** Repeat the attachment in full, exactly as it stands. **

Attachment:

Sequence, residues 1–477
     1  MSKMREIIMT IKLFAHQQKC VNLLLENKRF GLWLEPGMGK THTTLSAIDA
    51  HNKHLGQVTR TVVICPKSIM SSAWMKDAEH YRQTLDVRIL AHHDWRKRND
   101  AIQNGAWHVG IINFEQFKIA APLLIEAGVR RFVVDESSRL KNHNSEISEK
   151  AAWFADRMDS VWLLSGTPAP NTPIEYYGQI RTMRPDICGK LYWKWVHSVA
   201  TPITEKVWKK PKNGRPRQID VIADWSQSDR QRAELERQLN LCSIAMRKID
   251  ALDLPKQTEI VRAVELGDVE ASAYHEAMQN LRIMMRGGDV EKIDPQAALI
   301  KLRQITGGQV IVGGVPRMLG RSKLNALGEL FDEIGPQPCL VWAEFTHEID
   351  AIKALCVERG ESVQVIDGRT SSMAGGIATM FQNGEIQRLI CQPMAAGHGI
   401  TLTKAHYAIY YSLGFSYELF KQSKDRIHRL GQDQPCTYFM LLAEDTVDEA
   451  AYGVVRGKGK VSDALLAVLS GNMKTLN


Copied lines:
Sequence, residues 1–477
     1  MSKMREIIMT IKLFAHQQKC VNLLLENKRF GLWLEPGMGK THTTLSAIDA
    51  HNKHLGQVTR TVVICPKSIM SSAWMKDAEH YRQTLDVRIL AHHDWRKRND
   101  AIQNGAWHVG IINFEQFKIA APLLIEAGVR RFVVDESSRL KNHNSEISEK
   151  AAWFADRMDS VWLLSGTPAP NTPIEYYGQI RTMRPDICGK LYWKWVHSVA
   201  TPITEKVWKK PKNGRPRQID VIADWSQSDR QRAELERQLN LCSIAMRKID
   251  ALDLPKQTEI VRAVELGDVE ASAYHEAMQN LRIMMRGGDV EKIDPQAALI
   301  KLRQITGGQV IVGGVPRMLG RSKLNALGEL FDEIGPQPCL VWAEFTHEID
   351  AIKALCVERG ESVQVIDGRT SSMAGGIATM FQNGEIQRLI CQPMAAGHGI
   401  TLTKAHYAIY YSLGFSYELF KQSKDRIHRL GQDQPCTYFM LLAEDTVDEA
   451  AYGVVRGKGK VSDALLAVLS GNMKTLN